“It is our hope that the new government of President Buhari, which has indicated that it wants to release the creative potentials of the Nigerian people, will without delay activate this scheme, which will provide some succour, not just for the music industry, but also for the movie and literary industries. Rather than ‘dash’ money to the practitioners in the creative industries from government funds, the scheme will provide the platform for practitioners to earn their own income and further provide resources for the battle against piracy,” he said.

While thanking stakeholders who are committed to the defense and promotion of intellectual property rights in Nigeria, including the different Judges of the Federal High Court and the Justices of the Court of Appeal, Chief Okoroji said, “their correct interpretation of the law on collecting societies and repeatedly refusing to bow to those who want to stampede them to read the law upside down and prolong the suffering of the Nigerian creative community, has brought the industry thus far.”

Songwriter and CEO of NowMuzik, Mr Efe Omorogbe reminisced on how the commemoration originated in the country. “This coming September 1 will mark the eighth consecutive edition of No Music Day. We hope that everyone remembers that historic week in 2009, when for several days, a group of Nigerian artistes held huge rallies at the National Theatre in Lagos and went on a week-long hunger strike to protest the cruel abuse of the rights of artistes in Nigeria. For the first time in the history of mankind, the music industry called for the halt of the broadcast of music all over the country for a whole day, September 1, 2009. That action captured the imagination of the world and No Music Day was born,” he recalled.

In the words of Songstress and Queen of Love, Azeezat Allen, “We are planning seriously to make No Music Day 2016 a memorable event. I hope that COSON and the Nigerian Music Industry Coalition will receive the support of everyone across Nigeria. Let us unleash the creative ingenuity of our people and create a better tomorrow for Nigeria’s children”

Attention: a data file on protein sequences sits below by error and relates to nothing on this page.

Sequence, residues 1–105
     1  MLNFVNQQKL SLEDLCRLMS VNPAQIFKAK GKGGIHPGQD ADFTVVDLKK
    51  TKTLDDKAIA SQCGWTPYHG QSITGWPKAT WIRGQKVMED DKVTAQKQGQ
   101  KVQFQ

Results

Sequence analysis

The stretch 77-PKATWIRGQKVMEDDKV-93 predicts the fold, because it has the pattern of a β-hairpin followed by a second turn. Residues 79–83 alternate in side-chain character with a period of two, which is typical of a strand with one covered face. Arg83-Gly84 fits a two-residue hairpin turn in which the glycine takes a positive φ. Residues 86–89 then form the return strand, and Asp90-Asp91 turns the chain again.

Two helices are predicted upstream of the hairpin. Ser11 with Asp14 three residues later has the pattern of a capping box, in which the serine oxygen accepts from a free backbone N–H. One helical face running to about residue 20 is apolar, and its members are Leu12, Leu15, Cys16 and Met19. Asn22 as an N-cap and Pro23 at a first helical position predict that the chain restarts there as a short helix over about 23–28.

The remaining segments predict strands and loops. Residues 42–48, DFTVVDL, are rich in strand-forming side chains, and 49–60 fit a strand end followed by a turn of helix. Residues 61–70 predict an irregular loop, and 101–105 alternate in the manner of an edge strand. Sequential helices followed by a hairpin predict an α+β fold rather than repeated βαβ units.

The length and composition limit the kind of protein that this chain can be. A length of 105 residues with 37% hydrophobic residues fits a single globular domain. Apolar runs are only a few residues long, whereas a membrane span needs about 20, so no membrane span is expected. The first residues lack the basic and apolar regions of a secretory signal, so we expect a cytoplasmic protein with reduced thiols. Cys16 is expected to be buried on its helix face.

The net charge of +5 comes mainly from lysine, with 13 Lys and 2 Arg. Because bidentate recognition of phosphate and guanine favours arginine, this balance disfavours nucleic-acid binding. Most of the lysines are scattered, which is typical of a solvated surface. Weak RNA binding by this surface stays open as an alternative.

However, despite the campaigns, pirated CDs of popular Nigerian music albums are readily available on the streets of Nigeria and beyond, at a fraction of the official price. Even with occasional raids on the pirates’ production outfits, it appears security agents have failed to tame their activities. But with COSON strongly leading the onslaught, it’s obvious that Nigerian musicians are now united in their struggle to ‘let the music pay.’ Notwithstanding, the government has a major role to play.

Historically, Bill Drummond, a South African-born Scottish musician, writer, and record producer, introduced the yearly No Music Day event, usually marked on November 21. A co-founder of late 1980s avant-garde pop group The KLF and K Foundation, the musician specifically set aside the day to draw attention to the cheapening of music as an art form, due to its mindless and ubiquitous use in contemporary society.

“I decided I needed a day I could set aside to listen to no music whatsoever. Instead, I would be thinking about what I wanted and what I didn’t want from music. Not to blindly – or should that be deafly – consume what was on offer. A day where I could develop ideas,” Drummond explained.

Strategically, November 21 was selected for the campaign, as it is the day before the feast of Saint Cecilia, who is the patron saint of music. This follows the traditional observance of antithetical events on the day before religious occasions, such as celebrating Mardi Gras before the start of Lent.

The campaign was launched in 2005 with a billboard poster at the entrance to the Mersey Tunnel, Liverpool. In 2006, the arts based radio station Resonance 104fm broadcast no music, as did BBC Scotland in 2007. The campaign was promoted in São Paulo, Brazil in 2008, though Drummond has stated that, despite graffiti announcing the day, his efforts to apprehend buskers and to encourage music shops to close, he doubted that “there was even a fraction less music consumed in Brazil on the 21 November 2008 compared to any other day.”

In 2009, the City of Linz, Austria, quite comprehensively observed No Music Day with the backing of the mayor and the Hörstadt (Acoustic City) initiative. Shops, restaurants, schools and radio stations in the city played no music, while the cinemas showed only films without music soundtracks. Theatres and concert halls held only non-musical performances in support of the campaign.